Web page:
Words by Sean Moeller, Illustration by Johnnie Cluney, Sound Engineering by Patrick Stolley and Brad Kopplin
What's the landscape like during a coma? What does the air feel and taste like? How's the light in there? What comes out of that state of relative inactivity? What are the dreams like? Here you are unresponsive, no one can wake your ass up, you can't hear anything, you don't know what pain is and things couldn't be set up any better as an incubator for the sickest, mind-bending hallucinations. The first words out of your mouth, if you ever came to again, should be, "You'll never guess where I was," in between the greatest, extended yawn of your life. Back you were from a dawn, a dusk and all the in between at a cubist castle, getting looks at everything in disjointed parsings - wished the best of luck putting them all together and deciphering the creatures and the aftertaste.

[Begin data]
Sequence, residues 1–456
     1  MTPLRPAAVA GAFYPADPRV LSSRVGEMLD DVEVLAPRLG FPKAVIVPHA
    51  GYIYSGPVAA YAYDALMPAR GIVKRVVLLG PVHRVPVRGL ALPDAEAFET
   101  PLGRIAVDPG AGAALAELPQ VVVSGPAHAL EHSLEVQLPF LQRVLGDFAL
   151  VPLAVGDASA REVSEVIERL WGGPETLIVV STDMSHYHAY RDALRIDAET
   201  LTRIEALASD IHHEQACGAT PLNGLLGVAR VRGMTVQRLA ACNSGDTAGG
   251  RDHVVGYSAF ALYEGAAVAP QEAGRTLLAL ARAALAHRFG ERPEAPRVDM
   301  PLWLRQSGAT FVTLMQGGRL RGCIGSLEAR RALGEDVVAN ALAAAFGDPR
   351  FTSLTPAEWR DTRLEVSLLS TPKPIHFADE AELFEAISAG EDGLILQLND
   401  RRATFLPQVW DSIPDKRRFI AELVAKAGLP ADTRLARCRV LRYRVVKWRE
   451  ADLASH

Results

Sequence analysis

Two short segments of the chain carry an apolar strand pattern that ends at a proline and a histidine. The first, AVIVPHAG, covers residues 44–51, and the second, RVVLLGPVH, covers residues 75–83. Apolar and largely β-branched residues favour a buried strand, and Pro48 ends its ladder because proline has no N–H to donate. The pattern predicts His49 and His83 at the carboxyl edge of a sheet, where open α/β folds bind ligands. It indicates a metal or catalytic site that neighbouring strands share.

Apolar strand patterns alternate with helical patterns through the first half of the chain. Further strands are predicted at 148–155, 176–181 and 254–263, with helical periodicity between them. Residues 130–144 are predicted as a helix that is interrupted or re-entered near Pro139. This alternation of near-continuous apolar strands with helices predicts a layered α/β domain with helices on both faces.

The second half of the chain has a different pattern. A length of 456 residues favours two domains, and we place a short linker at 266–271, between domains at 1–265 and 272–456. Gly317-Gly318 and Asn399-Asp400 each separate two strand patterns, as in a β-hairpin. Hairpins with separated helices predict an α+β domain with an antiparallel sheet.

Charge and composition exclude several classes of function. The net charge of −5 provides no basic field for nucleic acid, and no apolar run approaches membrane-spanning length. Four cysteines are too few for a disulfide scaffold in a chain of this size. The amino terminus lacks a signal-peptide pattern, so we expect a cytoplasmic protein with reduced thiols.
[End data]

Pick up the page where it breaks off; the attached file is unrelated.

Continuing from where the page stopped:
Andy Herod and his Comas have assembled a sampling of where a head might be floating inside this state of being out to lunch for an indeterminable amount of time with new album Spells, whose name isn't at all fraudulent or misleading (a lyric from album opener "Red Microphones" goes, "Call down the knights from ghostly towers/Puff on the yore of dragonfire."). There's witchcraft, warlockery and sorcery (along with heavily distorted guitar riffs and power) going down in these songs that come in different degrees of hot, hot heat and mesmerizing lyrics, which at times are so abstract that they're likely deeply personal.
There's blame being heaped on some kind of citrus liqueur and enchanted trees of the Catskills for the imagery and provocative proceedings of this album, which shifts from fevers to cures and sanity to something even better in 10 different heartbeats. It's likely just Herod's science fiction bent that leads the material into realms of fantasy spliced with reality spliced with a twin tower of gentleness, provided by the vocals of Nicole Gehweiler, which are the contrast, perhaps a beacon amongst the symbolism - the white light poking through pulled tight drapes, shaking the spirograph out of the eyes and clapping you awake and back to the color of the living.